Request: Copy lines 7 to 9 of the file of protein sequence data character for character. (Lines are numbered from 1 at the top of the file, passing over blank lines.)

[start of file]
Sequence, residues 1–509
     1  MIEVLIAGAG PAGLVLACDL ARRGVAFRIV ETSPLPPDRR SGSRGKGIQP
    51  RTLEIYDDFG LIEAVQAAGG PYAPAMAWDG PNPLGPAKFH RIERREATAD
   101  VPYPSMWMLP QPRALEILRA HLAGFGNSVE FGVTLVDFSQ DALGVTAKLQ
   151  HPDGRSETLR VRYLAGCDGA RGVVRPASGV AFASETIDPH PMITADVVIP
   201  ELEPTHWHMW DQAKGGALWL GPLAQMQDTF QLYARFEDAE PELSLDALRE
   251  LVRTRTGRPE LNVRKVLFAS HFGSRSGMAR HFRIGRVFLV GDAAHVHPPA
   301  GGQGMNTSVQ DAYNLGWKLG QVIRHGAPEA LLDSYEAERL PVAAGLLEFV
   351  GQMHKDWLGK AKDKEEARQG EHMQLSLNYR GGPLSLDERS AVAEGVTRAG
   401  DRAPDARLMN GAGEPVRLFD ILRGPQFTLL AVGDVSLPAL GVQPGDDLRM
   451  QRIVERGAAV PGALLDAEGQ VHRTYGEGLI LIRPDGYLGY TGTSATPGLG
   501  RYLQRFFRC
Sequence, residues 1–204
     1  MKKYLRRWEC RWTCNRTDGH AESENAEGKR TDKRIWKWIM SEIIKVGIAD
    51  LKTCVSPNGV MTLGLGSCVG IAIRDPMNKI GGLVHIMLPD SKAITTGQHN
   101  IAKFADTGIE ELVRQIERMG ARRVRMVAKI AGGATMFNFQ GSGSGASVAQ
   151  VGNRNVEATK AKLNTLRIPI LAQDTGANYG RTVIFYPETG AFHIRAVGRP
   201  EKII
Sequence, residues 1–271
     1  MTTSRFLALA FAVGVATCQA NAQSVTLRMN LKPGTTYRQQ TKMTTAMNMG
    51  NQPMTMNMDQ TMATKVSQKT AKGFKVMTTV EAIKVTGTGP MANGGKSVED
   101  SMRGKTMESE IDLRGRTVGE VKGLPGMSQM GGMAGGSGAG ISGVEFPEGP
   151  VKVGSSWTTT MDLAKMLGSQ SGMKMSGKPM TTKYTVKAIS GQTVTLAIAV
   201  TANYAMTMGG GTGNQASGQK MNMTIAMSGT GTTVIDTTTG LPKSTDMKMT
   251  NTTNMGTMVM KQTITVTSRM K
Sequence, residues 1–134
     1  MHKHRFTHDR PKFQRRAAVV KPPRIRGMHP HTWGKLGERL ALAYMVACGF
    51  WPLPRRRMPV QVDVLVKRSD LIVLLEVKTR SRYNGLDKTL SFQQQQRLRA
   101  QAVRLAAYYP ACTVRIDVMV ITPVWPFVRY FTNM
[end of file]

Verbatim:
   251  LVRTRTGRPE LNVRKVLFAS HFGSRSGMAR HFRIGRVFLV GDAAHVHPPA
   301  GGQGMNTSVQ DAYNLGWKLG QVIRHGAPEA LLDSYEAERL PVAAGLLEFV
   351  GQMHKDWLGK AKDKEEARQG EHMQLSLNYR GGPLSLDERS AVAEGVTRAG